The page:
Applying for a credit card is one of the easiest ways to build your credit score, but it’s often misunderstood. Credit scores are complicated and mysterious. They’re used to assess how much risk a lender takes on when you borrow money, and they sometimes show you that information upfront. Whether or not applying for a new credit card will hurt your score depends on several factors, like where you apply for the card, how long ago it was opened, and how often you use it—and it can be difficult to predict in advance. You’ll explore some common questions about applying for new cards to help get you started!
Does applying for a credit card affect your credit score?
Applying for a credit card does affect your credit score. However, the impact depends on how you apply. According to SoFi experts, “There will be a hard credit pull as part of the application, which may impact your credit score.”
You can follow one of the two ways to apply for a credit card:
- You can apply online or over the phone. This is known as an electronic application and does not affect your score since it doesn’t show up on your credit report.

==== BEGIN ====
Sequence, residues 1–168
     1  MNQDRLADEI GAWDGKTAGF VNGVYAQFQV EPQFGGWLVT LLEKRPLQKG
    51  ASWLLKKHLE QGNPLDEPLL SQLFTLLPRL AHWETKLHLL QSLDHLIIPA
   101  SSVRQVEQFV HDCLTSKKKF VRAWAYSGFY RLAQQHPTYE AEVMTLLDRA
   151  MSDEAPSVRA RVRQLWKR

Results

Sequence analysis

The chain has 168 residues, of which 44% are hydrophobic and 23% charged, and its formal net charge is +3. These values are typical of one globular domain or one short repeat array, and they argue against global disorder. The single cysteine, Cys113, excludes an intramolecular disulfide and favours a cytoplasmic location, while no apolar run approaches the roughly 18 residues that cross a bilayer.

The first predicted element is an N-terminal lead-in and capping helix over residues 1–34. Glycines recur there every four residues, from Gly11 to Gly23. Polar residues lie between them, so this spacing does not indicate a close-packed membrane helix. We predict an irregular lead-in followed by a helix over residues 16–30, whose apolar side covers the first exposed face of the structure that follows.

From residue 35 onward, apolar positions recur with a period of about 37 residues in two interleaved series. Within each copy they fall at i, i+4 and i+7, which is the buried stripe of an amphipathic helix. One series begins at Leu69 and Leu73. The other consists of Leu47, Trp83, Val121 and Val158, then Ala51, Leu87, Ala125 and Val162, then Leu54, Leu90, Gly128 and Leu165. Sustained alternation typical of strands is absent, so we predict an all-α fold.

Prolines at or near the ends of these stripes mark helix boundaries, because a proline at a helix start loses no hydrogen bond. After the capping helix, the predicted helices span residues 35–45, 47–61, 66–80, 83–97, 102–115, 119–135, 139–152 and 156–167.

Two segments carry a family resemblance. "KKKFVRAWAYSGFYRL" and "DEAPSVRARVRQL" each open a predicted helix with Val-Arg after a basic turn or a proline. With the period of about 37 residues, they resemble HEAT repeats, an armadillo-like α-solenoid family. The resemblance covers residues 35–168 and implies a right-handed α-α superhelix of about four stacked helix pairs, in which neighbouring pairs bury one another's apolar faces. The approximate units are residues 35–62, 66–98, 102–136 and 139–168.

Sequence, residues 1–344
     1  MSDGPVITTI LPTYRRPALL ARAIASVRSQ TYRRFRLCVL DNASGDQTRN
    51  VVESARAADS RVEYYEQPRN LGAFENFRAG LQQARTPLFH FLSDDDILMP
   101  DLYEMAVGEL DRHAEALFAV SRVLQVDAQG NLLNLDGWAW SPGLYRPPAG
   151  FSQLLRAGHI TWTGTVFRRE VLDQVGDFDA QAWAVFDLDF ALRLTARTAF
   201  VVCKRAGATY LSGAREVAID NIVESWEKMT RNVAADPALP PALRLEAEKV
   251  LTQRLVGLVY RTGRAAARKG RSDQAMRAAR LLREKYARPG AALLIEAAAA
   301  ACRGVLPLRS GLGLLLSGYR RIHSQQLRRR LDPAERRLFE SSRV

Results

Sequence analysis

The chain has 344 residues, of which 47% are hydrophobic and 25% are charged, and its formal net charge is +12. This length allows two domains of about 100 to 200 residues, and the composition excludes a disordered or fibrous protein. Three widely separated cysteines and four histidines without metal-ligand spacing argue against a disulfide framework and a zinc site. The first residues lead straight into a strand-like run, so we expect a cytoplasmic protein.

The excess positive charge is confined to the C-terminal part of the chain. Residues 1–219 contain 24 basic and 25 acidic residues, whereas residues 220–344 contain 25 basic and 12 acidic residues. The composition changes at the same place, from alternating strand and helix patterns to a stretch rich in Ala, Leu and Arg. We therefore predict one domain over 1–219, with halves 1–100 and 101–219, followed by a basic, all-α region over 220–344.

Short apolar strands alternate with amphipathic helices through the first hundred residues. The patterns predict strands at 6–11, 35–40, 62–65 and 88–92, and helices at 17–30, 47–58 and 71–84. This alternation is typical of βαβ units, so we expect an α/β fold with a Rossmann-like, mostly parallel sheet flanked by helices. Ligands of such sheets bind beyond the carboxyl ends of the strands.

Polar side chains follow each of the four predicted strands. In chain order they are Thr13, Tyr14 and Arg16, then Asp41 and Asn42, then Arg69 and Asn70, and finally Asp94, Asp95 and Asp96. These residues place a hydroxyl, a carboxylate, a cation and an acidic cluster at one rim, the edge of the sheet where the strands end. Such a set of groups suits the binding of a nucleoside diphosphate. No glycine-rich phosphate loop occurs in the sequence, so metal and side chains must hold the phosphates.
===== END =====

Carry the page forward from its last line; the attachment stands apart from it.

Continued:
- You can go into a branch location and fill out an application there. This is known as a paper application and affects your score by showing up as a “hard” inquiry in your file (which we’ll discuss later).
How having more credit cards can affect your score?
Most people believe that this is because having more cards means there’s a higher risk of someone maxing out all their credit limits and going into debt. But this isn’t true. A cardholder who pays their balance in full every month does not affect anyone else’s finances—and therefore, no effect on their credit scores either!
It hurts to have multiple accounts because each new account increases the amount of data lenders have about you (or at least they think they do). This puts them at greater risk of making mistakes when assessing whether or not it’s safe to lend money to you.
How does applying for a fresh credit card impact your credit utilization ratio?
The credit utilization ratio is the amount of your credit card debt compared to your credit limit. The lower that number is, the better. Suppose you have a high credit utilization ratio and apply for another card. In that case, it can negatively impact your score because it increases how much you owe compared to how much money is available if something goes wrong (like paying off one card with another). If you have a low utilization rate, applying for more cards may help improve it.
How hard inquiries impact your credit score?
Hard inquiries are when you apply for a new line of credit—for example, a mortgage or auto loan. When you apply for a new credit card, it’s also considered a hard inquiry. These inquiries remain on your report for two years from the date they were made, so it’s important to understand how they can affect your credit score and how to avoid them in some cases.